Mauritius is one of those places that just seems to have it all; stunning beaches, warm year-round weather, countless cultural sites, virgin rainforest, and welcoming, warm inhabitants. Perhaps it’s no wonder that this lush volcanic island has been contested by many of the major powers in the world since it was first visited by Europeans around the turn of the 15th century. For the purpose of getting to know a little bit about Mauritius before you discover it for yourself, we’ve taken a look into the fascinating history of the nation.
Finding the island
Portuguese explorers were the first Europeans to discover Mauritius, having found the island by chance in 1498. A navigator called Pedro Mascarenhas actually named it Cirne on a visit in 1510. However, despite being the first Europeans to discover Mauritius, the Portuguese never permanently settled. Instead, the first nation to call Mauritius home was actually the Dutch. They staked their claim to the island in 1598, and named it after their head of state, Maurice, Prince of Orange (Interestingly, what is now the Hudson River in New York was also named after this Prince).
However, the Dutch colonisation of Mauritius was not a success. They attempted to inhabit the island between 1638 and 1658 the first time, and then again between 1664 and 1710. The Dutch occupation is cited as the reason that the famous Dodo (a flightless bird only found on Mauritius) became extinct. The colonisers hunted the large bird, and so did their domesticated animals and the invasive species’ they bought along with them. Dodos had lived on an island with very few natural predators, and were docile and passive, meaning they stood no chance when confronted with hunters. When visiting Mauritius, should you want to discover a little more about these charming creatures and their tragic extinction, you can find skeletons, sketches and information about the nation’s national symbol in Port Louis Natural History Museum.
In 1810, the island was captured by the British and renamed Mauritius. In 1834, slavery was abolished using a phasing out process called ‘apprenticeship’. At the time, there were nearly 70,000 slaves registered on the island. These emancipated workers often sought higher wages than those abroad, so the British set up a system of indenture, where workers from other areas of the world (such as India) would pay for their voyage to Mauritius with a period of work. This work was usually in Mauritius’ fast-expanding sugar industry.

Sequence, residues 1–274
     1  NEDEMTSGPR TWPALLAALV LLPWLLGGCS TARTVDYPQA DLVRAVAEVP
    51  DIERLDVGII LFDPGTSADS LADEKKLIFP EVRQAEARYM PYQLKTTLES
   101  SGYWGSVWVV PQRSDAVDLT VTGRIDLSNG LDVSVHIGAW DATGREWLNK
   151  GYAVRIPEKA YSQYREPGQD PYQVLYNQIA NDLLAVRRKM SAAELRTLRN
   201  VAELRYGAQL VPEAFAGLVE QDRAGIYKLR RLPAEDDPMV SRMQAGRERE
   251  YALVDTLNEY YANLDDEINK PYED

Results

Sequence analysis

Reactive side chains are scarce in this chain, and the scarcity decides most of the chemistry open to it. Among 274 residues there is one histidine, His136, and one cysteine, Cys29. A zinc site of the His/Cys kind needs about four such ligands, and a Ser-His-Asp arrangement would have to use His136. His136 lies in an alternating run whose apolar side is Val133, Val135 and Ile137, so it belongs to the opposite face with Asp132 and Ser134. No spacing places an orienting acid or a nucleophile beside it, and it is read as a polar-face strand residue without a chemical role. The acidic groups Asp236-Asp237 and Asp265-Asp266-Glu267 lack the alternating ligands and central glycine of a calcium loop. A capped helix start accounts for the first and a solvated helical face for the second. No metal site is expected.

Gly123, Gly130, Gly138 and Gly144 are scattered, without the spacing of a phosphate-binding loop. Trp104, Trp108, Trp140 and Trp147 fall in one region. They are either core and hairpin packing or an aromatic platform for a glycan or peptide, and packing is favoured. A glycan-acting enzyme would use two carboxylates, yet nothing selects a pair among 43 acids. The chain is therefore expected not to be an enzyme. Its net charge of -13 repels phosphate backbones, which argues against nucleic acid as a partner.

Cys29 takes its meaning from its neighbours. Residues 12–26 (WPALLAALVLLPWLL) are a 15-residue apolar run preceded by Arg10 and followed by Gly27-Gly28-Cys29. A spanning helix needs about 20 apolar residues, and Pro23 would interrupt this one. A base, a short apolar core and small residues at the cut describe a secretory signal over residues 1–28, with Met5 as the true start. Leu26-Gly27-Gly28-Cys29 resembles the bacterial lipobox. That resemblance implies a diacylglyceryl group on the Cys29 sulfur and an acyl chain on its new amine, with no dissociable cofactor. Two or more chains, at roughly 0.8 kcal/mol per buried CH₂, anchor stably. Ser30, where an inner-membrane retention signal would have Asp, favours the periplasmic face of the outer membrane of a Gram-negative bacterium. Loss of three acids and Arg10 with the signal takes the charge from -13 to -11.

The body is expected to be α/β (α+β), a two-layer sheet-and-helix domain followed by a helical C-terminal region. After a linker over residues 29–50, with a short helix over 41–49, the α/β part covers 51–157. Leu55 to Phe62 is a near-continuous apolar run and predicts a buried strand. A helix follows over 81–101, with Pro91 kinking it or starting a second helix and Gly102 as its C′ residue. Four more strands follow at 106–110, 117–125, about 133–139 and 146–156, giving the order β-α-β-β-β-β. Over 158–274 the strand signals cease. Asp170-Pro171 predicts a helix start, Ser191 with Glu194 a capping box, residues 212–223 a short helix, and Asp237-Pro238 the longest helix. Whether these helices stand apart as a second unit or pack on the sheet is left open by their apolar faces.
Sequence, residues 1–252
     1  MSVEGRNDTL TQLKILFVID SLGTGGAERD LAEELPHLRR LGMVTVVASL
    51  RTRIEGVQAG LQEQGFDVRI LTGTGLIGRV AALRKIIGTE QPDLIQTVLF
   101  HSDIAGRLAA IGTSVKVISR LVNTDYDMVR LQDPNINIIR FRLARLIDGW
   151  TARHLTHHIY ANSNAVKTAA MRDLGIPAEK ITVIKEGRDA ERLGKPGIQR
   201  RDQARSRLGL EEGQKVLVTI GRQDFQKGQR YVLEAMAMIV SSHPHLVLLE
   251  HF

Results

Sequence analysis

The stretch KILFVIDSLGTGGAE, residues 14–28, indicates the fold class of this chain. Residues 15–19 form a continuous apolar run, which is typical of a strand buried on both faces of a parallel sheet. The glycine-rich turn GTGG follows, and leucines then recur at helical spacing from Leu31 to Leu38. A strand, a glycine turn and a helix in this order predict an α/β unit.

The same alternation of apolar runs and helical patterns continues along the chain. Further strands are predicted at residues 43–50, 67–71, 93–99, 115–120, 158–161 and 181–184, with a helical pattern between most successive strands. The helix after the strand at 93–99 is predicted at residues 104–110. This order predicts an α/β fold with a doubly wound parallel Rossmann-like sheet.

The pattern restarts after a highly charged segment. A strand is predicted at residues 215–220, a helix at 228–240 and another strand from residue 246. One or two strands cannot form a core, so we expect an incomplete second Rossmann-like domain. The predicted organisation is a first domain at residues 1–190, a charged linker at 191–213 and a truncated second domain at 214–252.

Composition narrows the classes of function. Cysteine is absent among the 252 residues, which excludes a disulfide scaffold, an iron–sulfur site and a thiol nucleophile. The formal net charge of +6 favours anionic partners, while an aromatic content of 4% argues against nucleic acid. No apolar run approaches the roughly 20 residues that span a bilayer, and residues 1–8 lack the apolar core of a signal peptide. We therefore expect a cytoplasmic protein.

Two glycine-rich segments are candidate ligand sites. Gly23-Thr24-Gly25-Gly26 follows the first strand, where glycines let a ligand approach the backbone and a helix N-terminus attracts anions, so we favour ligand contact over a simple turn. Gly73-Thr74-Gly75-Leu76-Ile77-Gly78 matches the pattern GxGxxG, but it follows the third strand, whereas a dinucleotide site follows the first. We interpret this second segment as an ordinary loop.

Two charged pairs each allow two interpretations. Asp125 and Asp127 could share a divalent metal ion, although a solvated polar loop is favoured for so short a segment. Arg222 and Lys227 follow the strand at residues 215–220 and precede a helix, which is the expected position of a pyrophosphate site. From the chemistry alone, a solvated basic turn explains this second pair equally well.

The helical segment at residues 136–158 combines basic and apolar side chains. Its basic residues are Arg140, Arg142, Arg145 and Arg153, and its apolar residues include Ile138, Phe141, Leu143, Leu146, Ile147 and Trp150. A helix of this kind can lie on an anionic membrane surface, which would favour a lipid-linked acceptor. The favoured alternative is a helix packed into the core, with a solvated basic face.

This time was one of rapid growth in the Mauritian population. The Indian rupee was integrated as an official currency in 1876, and the indentured labour system was abolished in 1910. In 1912, Mahatma Gandhi visited Mauritius.
An important feature of Mauritius’ fascinating history occurred between the 18th and 19th centuries, when runaway slaves from several countries settled around the striking Le Morne Mountain. These slaves, who’d risked everything for their freedom, set up communities in the hard-to-reach and striking terrain. The area has since become a symbol of resistance to slavery, and a UNESCO World Heritage Site. The landscape around Le Morne is rugged and beautiful, and makes for a fascinating visit.
In the 1900s, there was a great campaign in Mauritius for both a fair voting system and autonomy as a nation. In 1959, after a new constitution was written, the first election was held on the island under the principles of universal suffrage. This election was won by the MLP, a party led by Seewoosagur Ramgoolam, a man who fought for Mauritian self-rule, and is still - to this day - seen as the father of the nation. There are wonderful botanical gardens named after Seewoosagur Ramgoolam in the Pamplemousses district of Mauritius. These gardens are amongst the world’s finest, and are famous for a large pond of giant water lilies, as well as a wonderful array of birds.
Perhaps the biggest day in Mauritian history is the 12th of March 1968, when the nation gained independence and joined the commonwealth. This was followed by a turbulent next few years where the next general election was cancelled and a state of emergency was declared. More recently however, Mauritius has been a far more settled place, and it was declared a republic in 1992.
Today, Mauritius is one of the world’s most amazing holiday locations, an island with a population of around 1.2 million people, and a great number of amazing holiday resorts. Beaches such as Flic en Flac and Belle Mare are amongst the most idyllic anywhere, and national parks like Black River Gorges promise adventures through untouched wilderness and the chance to witness some amazing scenery and wildlife. Mauritius’ amazing holiday areas, combined with its rich history and culture, make it the perfect place to take a summer break.